Optionality Successfully Maintained

The outcome of today’s FOMC meeting didn’t substantially change our views on the outlook for policy. We read the FOMC as trying to preserve optionality for September, and we think they achieved that. The market reaction was pretty benign, about as good as the FOMC could have hoped for: The somewhat lower market-implied probability of a September cut (still above 50%, however) and a relatively modest decline in equities,  on the net. Our call remains that the FOMC will cut rates by a further 25 basis points this year but that there are better-than-even odds that such a cut will come later than September. 

Statement and Policy Decisions 

Today’s FOMC statement and policy decisions were in line with our expectations: 

▪ Cut funds rate target 25 basis points 

▪ Not much change to first paragraph (incoming data) 

▪ Guidance in the second paragraph preserved optionality for September: Indicated willingness to cut further,  but without further fueling expectations of a September cut. 

▪ Two dissents (one more than expected) 

▪ Earlier conclusion to balance sheet runoff (details at the end of this note) 

The FOMC appears to have designed the guidance in the statement to preserve optionality for September, as we expected. In doing so, the guidance in the second paragraph went a bit further than expected—mainly by adding a reference to “global developments”—but in any case, the immediate market response to the statement seems to be one that would have pleased the FOMC. The market lowered the probability associated with a further 25-basis-point cut in September, but not drastically—to a level still above 50%. There was a  slight decline in the S&P 500 when the statement came out. At the end of this document is a comparison of the July FOMC statement with the previous post-meeting statement.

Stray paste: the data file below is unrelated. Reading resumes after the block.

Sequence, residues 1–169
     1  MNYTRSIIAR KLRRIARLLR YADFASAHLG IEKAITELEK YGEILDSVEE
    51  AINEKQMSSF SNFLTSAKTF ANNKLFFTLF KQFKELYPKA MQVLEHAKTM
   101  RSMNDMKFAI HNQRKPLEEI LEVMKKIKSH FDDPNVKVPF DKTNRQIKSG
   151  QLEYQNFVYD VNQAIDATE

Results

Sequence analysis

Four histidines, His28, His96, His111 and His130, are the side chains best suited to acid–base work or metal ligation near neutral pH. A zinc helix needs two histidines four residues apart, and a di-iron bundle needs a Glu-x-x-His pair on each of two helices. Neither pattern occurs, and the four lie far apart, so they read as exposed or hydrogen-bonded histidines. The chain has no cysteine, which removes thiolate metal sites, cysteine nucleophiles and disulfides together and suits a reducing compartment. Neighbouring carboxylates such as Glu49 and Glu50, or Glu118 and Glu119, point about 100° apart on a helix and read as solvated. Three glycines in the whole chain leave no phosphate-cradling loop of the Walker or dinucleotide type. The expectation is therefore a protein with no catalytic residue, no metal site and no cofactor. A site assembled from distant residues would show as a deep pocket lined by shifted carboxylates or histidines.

One interesting change was the use of “contemplates” to describe the Committee’s decision-making. Their convention is to use “considers,” which is very neutral. In contrast, to contemplate means to consider over a lengthier period. Perhaps the intent was to impart less urgency to further easing. 

Press Conference 

In his press conference, Powell for the most part stuck to a simple message about three factors that are key to both the rationale for this easing and the prospects for future easing: “The Committee is really thinking of this as a way of adjusting policy to a somewhat more accommodative stance to further the three objectives that I mentioned: to insure against downside risks, to provide support to the economy, that those factors are pushing down on economic growth, [and] to support inflation. We do think it will serve those goals. We’re  thinking of it in the nature of a mid-cycle adjustment to policy.” 

This shift in policy was about both changes in the baseline outlook and risks to the baseline outlook: “I gave three reasons for what we did — that is to insure against downside risks to the outlook from weak global growth and trade tensions. That is a risk management point. And that is a bit of insurance. But we also feel  

like weak global growth and trade tensions are having an effect on the U.S. economy…And also to support the return of inflation to 2%. But there is definitely an insurance aspect of it.” He also cited, without being asked,  the decline in the NAIRU as another argument for more accommodation.